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Changing laws make in-house payroll a riskier proposition



The key to any successful business is to focus on what your company does best and then continue to improve upon that. Perhaps Andrew Carnegie said it best: “Here is the prime condition of success: Concentrate your energy, thought and capital exclusively upon the business in which you are engaged.”

hart wayneBy handling payroll in-house, businesses are dedicating employee time and money toward tasks that are not revenue producing and that have nothing to do with the core business concept. With an in-house payroll staff, business owners aren’t concentrating energy, thought and capital on their business. Instead, they are dedicating resources toward handling tasks that could lead to fines and penalties if not handled properly.

When processing payroll in-house, the best-case scenario is that the staff processes paper work correctly and on time, avoiding liabilities. But because payroll is not a core company function, in many cases it is done inefficiently without contributing to profits. The worst-case scenario: mistakes occur that can result in stiff penalties and fines. In business, risk is acceptable if it leads to a chance for reward. That’s not the case with payroll.

Why the reluctance?

There are three primary reasons companies hesitate to outsource. The first is when a business believes what it does is too complex and unique for a third party to understand. This leads them to self-develop a payroll system they believe only in-house employees could efficiently manage or understand.

The second is a historical bias. Many businesses have been handling payroll in-house since their inception and as the company grows, they do not acknowledge the increasing difficulty of keeping up with payroll services.

Lastly, some businesses simply believe outsourcing is the more expensive option.

Historically, human resource departments were not responsible for the complexities of tax filing or government compliance. Now, the rules of the game have changed. Laws have slowly become more complex and involved, leading to more noncompliance penalties. The federal government has bolstered enforcement of compliance laws as a way to make money as a default tax.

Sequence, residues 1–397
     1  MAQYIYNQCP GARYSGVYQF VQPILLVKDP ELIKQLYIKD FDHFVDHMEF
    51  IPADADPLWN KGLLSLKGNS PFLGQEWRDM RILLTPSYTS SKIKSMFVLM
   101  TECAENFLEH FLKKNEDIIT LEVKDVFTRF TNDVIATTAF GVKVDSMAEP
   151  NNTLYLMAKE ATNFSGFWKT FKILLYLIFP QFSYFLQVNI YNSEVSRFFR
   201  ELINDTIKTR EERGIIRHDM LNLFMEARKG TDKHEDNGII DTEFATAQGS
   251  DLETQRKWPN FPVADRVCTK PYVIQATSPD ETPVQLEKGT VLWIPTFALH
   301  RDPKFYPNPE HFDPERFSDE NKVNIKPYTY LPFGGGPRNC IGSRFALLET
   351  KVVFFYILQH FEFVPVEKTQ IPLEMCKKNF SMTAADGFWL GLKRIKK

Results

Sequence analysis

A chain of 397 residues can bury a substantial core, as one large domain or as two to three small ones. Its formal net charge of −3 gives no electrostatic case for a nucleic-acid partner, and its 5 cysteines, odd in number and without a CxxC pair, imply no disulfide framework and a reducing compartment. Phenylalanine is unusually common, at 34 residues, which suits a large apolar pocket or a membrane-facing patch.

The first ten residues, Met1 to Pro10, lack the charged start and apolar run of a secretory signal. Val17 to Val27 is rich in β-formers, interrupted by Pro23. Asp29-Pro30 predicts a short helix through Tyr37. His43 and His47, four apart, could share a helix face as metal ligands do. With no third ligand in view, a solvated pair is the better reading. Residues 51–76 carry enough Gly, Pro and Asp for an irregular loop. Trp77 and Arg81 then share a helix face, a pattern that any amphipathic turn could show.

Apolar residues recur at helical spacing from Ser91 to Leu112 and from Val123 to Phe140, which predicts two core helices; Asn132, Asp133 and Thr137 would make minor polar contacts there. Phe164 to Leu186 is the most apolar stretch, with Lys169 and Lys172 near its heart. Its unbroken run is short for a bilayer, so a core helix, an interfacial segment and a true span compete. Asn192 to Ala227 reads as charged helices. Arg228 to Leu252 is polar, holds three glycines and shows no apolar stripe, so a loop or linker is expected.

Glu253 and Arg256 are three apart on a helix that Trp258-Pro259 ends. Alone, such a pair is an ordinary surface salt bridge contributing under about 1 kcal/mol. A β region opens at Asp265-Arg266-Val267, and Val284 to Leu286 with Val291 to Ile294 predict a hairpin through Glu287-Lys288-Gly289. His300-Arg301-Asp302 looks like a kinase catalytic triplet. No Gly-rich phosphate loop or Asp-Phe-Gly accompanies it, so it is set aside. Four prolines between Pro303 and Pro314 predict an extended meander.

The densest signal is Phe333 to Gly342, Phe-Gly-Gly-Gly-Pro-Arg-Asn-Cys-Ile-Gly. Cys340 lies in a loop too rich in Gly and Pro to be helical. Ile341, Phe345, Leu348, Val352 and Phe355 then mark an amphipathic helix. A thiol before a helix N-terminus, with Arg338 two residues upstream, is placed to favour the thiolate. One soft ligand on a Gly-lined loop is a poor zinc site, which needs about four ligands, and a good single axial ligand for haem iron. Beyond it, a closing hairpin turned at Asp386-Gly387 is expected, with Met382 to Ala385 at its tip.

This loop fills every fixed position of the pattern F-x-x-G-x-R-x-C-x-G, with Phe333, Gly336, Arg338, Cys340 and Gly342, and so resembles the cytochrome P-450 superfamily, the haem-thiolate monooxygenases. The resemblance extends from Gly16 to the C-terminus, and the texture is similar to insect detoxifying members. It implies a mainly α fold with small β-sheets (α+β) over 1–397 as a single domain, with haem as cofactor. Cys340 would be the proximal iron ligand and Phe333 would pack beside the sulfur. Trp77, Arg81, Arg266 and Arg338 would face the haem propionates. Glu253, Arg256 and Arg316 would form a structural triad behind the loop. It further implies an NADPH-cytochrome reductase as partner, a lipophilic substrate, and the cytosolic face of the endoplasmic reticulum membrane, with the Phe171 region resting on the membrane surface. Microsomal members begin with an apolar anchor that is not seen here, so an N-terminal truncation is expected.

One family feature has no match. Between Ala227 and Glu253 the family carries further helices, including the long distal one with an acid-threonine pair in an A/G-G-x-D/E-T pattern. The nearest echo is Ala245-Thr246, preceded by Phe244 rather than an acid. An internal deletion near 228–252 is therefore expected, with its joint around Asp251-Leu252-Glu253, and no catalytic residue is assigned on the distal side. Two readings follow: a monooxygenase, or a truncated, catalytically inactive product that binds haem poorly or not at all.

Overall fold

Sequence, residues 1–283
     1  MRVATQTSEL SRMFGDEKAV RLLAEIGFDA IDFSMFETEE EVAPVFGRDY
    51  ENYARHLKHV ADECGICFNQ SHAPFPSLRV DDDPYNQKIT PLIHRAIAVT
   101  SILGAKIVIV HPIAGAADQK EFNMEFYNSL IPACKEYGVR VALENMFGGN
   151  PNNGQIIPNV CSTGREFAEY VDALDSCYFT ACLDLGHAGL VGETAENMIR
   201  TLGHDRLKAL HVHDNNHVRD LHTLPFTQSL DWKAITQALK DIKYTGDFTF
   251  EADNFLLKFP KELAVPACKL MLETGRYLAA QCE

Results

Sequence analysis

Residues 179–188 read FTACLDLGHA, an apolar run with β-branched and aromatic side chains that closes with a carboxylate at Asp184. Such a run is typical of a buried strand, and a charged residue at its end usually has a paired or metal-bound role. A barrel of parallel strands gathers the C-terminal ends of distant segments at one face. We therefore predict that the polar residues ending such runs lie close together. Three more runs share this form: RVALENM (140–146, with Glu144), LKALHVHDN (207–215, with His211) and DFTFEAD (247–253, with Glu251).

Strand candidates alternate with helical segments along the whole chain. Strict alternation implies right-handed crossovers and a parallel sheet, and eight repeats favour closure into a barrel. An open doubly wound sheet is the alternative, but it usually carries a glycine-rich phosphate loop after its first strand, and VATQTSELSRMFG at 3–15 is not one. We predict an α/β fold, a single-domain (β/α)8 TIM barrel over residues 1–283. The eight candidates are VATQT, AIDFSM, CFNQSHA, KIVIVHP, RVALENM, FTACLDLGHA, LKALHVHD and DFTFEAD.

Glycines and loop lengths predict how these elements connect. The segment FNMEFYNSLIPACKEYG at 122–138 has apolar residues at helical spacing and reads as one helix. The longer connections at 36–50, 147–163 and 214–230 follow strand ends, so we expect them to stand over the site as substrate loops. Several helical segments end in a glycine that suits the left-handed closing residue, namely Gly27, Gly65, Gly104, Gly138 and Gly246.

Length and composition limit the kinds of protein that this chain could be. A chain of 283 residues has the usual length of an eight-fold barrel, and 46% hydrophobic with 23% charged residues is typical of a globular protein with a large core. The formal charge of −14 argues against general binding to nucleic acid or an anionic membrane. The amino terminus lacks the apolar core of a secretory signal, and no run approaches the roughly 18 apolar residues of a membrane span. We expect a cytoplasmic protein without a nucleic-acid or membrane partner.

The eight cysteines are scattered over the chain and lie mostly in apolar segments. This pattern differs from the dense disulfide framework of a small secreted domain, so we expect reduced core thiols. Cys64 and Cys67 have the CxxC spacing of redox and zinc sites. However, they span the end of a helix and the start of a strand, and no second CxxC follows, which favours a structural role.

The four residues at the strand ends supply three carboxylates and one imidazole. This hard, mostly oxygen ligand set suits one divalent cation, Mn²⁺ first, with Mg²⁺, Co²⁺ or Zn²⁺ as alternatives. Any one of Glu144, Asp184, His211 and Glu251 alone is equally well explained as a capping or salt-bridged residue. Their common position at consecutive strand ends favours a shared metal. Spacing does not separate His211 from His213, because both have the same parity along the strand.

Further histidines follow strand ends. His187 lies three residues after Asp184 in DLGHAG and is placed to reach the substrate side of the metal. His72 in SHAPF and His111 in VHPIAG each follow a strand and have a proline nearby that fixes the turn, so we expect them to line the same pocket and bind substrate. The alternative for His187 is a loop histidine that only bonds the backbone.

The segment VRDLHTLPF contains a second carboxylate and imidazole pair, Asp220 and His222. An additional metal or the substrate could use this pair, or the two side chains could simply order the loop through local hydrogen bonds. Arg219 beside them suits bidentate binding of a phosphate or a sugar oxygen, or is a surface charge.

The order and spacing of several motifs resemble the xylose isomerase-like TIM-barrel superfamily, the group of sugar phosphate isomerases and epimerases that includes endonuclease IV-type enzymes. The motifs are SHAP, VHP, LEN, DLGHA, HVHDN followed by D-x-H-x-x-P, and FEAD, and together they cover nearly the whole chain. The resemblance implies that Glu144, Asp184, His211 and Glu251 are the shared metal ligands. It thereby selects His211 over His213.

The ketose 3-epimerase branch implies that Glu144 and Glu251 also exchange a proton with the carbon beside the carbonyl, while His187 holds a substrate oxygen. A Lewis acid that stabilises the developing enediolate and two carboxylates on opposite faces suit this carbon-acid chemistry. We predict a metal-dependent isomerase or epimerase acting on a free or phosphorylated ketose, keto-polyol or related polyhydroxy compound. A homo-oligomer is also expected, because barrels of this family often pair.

Leave payroll to payroll experts

As the nature of these laws changed, so did the nature of human resource departments. Sustaining an in-house payroll department is much more costly these days. HR representatives require more thorough and ongoing training. A company often needs to hire more employees (and increase overhead costs) to minimize risk of oversight.

While many believe outsourcing is expensive, cost analysis has proven the opposite. The combined cost of payroll employees’ salaries, payroll infrastructure and potential penalties is usually much more costly than outsourcing payroll services.

Outsourcing payroll services can also allow businesses to use employee resources in new, productive and profitable ways. Moving payroll employees to a role in which they can generate money for the company is a more effective way of doing business.

Think of outsourcing payroll as an insurance policy. Although in-house employees may be able to handle the job, when a mistake is made and the business is found non-compliant on local, state or federal taxes, the business is liable for the penalties. Outsourcing payroll safeguards your company from these tax liabilities and penalties, insulating your business from thousands of dollars in fees.

When deciding whether to outsource payroll services or maintain an in-house staff, keep in mind that outsourcing allows you to utilize employees in a profitable manner and eliminates liability on local, state and federal tax filing. You wouldn’t go without water and fire damage insurance for your company. Payroll should be thought of the same way. The time and effort put into maintaining a perfect in-house payroll function is not profitable and could take some of the focus away from what your business does best.

If you decide to transition into outsourcing your payroll processing, look for a provider that has a reputation for outstanding customer service and can customize their software to work with your existing system. This will make the transition as seamless as possible.

Wayne Hart, shown, is the executive vice president, sales of JetPay Payroll Services. JetPay Corporation offers products for the payments, payroll and prepaid card industries. He can be contacted at

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